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Gardiner's willingness to change altered career

Tuesday, 04.15.2008 / 10:00 AM / NHL Draft

By Mike G. Morreale - NHL.com Staff Writer


Minnetonka High School defenseman Jake Gardiner converted from being a forward in order
to take advantage of his many skills on the ice.
Prior to earning First Team All-State recognition as a defenseman at Minnetonka High School in Minnesota this season, Jake Gardiner was one heck of a forward.

"It's a pretty funny story,'' Minnetonka coach Brian Urick told NHL.com. "We had Jake playing forward and he was very effective. As he gained more confidence, we began playing him more on the point on the power play in the umbrella and he began to excel.''

But not until the Minnetonka coaching staff received an enlightening tip from Minnesota State University coach Troy Jutting -- this season's Western Collegiate Hockey Association Coach of the Year -- did the transformation from forward to full-time defenseman take shape.

"First of all, Jake has become the player he is because it was very important to him and he really worked at it,'' Jutting said. "He's an extremely dedicated kid who handles the puck extremely well. Let's face it -- forwards are a dime a dozen, but defensemen are much harder to come by, in my opinion. When I watched him play, I saw all the tools necessary for him to become a solid defenseman. I thought the Minnetonka coaching staff did a fabulous job working with Jake in helping him learn the position. He's a big, lanky kid who moves his feet extremely well and has a bright future.''

Gardiner remembers the conversation he had with Jutting while visiting Minnesota State on a recruiting trip.

"He suggested I make the move to defense and while it was difficult learning the defensive zone, I just loved how much more of the ice I could see and cover,'' Gardiner said. "My dad put me in skates when I was 2 and I began playing hockey when I was 4 and I never wanted to come off the ice. As a defenseman, I had an opportunity to stay on the ice even more.''

According to Urick, Gardiner was a staple in the lineup, playing 65 percent of every game.

In the summer leading up to his senior year, Gardiner perfected his defensive game as a member of the Minnesota Advanced 17 Hockey Team and, in July, was chosen to be part of the USA Under-18 Select Team in the Junior World tournament in Slovakia and the Czech Republic.

"I knew after switching over and playing defense last summer, that it was the right move,'' Gardiner recalled.

At 6-foot-2, 180 pounds, Gardiner is regarded as an exceptional puck-moving defenseman and quickly shot up NHL Central Scouting's rankings for North American skaters. In fact, Gardiner enters the NHL Entry Draft in Ottawa this June as a strong first-round candidate and the top-rated Minnesotan available on the board.

When Gardiner returned for his senior year at Minnetonka in his new defensive role, he opened many eyes, including those of his coach.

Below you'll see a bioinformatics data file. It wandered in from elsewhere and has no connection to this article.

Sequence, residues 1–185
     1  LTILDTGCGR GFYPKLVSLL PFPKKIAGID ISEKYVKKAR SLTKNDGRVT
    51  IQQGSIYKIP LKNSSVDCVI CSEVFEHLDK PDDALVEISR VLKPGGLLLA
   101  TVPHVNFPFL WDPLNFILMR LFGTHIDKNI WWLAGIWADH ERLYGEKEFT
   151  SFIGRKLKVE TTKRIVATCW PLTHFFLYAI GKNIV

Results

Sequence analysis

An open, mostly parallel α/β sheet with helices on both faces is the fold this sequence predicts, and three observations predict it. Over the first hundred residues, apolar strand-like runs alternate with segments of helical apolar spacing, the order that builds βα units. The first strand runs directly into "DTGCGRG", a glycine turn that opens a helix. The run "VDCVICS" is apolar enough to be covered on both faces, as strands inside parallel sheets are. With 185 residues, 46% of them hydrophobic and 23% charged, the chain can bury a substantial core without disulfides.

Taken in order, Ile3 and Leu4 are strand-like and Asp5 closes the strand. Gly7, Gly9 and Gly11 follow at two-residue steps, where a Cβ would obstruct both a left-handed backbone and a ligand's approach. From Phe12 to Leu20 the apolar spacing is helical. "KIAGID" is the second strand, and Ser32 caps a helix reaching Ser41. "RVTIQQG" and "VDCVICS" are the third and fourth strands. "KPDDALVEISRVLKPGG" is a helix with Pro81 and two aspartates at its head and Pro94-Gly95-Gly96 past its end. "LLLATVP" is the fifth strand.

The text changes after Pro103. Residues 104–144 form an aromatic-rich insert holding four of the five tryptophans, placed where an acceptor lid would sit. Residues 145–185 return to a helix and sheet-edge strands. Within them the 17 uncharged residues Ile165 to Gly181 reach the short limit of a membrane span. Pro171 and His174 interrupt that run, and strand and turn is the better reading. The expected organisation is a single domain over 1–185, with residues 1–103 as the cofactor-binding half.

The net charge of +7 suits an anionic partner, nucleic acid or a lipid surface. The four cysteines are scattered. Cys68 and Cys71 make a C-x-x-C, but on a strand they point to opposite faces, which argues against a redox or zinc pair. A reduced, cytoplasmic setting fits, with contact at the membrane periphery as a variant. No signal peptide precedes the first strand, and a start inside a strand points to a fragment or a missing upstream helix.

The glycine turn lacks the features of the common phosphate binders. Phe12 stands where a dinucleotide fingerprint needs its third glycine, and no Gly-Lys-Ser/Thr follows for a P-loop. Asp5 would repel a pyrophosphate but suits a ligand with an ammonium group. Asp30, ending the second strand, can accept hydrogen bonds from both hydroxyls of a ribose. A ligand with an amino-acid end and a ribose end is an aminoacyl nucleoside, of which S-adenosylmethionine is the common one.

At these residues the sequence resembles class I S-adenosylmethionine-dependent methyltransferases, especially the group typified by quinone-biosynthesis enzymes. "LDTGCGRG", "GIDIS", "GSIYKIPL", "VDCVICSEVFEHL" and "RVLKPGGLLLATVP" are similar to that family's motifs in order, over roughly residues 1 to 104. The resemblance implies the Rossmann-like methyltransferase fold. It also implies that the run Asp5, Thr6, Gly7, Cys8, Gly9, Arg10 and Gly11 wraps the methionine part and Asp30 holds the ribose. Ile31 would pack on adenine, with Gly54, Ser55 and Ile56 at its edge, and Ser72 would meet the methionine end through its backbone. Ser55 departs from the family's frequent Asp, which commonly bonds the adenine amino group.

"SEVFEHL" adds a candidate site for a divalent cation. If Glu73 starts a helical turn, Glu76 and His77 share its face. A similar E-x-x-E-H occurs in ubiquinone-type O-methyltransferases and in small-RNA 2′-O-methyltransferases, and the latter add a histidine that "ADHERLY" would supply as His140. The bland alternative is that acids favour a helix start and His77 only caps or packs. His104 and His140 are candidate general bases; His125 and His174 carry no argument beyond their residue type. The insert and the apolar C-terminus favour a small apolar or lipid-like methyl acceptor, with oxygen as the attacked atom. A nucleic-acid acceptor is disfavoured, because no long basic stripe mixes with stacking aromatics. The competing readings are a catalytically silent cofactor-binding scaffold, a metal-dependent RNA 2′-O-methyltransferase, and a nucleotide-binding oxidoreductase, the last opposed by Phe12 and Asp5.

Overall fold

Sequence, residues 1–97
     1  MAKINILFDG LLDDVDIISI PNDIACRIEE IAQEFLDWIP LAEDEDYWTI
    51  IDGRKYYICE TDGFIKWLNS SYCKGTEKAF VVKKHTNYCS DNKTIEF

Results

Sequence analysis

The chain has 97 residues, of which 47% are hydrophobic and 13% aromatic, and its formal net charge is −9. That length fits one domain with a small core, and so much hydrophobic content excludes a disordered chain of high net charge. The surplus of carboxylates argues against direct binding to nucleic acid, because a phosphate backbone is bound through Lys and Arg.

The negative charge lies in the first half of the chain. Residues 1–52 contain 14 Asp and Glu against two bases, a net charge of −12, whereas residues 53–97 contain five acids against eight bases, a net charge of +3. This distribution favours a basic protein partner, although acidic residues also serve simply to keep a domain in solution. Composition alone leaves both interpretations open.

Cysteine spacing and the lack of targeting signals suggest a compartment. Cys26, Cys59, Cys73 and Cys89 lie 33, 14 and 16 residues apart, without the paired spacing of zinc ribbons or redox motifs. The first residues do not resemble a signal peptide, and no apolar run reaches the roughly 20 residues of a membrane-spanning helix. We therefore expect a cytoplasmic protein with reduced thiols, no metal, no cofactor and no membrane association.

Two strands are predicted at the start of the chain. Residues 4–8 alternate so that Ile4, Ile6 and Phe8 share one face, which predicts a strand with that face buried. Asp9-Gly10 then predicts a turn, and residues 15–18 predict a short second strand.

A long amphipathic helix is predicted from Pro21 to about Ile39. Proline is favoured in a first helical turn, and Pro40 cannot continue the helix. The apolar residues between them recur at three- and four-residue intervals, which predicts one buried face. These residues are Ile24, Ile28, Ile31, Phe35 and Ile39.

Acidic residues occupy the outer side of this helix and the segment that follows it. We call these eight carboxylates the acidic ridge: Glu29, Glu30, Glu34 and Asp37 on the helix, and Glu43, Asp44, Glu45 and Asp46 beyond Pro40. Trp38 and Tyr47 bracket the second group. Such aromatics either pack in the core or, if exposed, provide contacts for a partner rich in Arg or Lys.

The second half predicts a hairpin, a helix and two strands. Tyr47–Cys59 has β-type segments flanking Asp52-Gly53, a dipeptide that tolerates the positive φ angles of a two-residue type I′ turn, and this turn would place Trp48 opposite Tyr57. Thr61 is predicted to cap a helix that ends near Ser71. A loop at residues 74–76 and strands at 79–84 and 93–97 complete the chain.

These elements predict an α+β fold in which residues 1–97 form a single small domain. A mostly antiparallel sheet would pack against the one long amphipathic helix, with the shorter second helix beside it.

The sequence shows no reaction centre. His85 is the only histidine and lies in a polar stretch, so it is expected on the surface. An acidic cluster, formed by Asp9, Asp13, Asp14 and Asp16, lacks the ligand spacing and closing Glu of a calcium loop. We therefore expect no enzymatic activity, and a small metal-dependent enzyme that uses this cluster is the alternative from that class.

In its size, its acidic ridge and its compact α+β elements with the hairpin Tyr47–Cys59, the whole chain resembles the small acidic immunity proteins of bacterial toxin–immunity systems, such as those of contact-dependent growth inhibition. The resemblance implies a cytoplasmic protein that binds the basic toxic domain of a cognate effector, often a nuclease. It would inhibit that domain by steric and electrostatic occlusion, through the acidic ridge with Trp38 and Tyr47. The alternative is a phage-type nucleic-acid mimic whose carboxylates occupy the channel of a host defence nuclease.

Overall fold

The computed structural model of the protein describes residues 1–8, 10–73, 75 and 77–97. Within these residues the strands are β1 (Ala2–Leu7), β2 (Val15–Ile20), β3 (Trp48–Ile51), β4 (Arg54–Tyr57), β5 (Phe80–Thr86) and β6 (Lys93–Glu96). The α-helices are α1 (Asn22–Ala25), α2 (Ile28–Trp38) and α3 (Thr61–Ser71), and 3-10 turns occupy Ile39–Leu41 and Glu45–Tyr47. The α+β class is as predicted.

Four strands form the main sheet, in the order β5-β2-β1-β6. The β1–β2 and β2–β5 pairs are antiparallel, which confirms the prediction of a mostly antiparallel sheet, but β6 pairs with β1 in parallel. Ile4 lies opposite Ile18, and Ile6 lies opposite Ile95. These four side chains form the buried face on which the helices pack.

"When he returned for his senior year, I was stunned at how well he picked up the position. It was like he'd been playing the blue line his whole life,'' Urick said. "I think what impressed me most was how well he performed in one-on-one situations without the puck. Playing without the puck as a defender is pretty difficult, but he was so smooth. His reach is long, so that poke check became such a valuable part of his game.''

Gardiner, who possesses great vision, passing, speed and playmaking ability, will use the poke check "whenever the situation calls for it.''

Unlike many school-boy athletes, Gardiner also has an uncanny knack for making others around him better -- a true testament to his leadership and work ethic. Urick marveled at Gardiner's ability to create space in one stride.

"When I watched him play, I saw all the tools necessary for him to become a solid defenseman." -- Minnesota State University head
coach Troy Jutting
Gardiner had five games with two goals and 15 multi-point games for Minnetonka (24-4), which dropped a 3-2 overtime decision to Benilde-St. Margaret's of St. Louis Park in the State Section 6AA championship Feb. 27.

Gardiner was also a Mr. Hockey finalist, given to the outstanding senior high school player in Minnesota, after finishing with 48 points and 20 goals. He also was a plus-41, collected 15 power-play points, including four goals, and led the team with 149 shots on goal.

"Jake is the fastest high school player I've seen in my seven years as a coach with the program (included six as assistant),'' said Urick, himself a 1995 All-State player at Minnetonka. "He led more by example and was the hardest-working kid in practice every day. He has the makeup to be a very successful professional someday. This high school has never seen a graduate stick in the NHL, but Jake has that potential.''

Speed is something Gardiner has worked at since he first laced on the blades.

"I love to skate and was fortunate my dad made a pond-hockey rink every year in our backyard (in Deephaven, Minn.),'' Gardiner said. "My brother (Max) and I have skated almost every day, every winter, since I can remember. I never went to any schools for my skating, but did go to a few summer hockey camps as a kid.''

Gardiner, whose favorite NHL players include forward Joe Sakic and defenseman Paul Coffey, is looking forward to the draft and beginning his collegiate hockey career at the University of Wisconsin.

"If my name is called on draft day, I know I'll be excited, surprised and pumped, but, after that, I'll just have to wait and see,'' Gardiner said. "I chose Wisconsin because I like their intensity and their style of coaching. It's also an amazing academic school.''

Contact Mike Morreale at mmorreale@nhl.com
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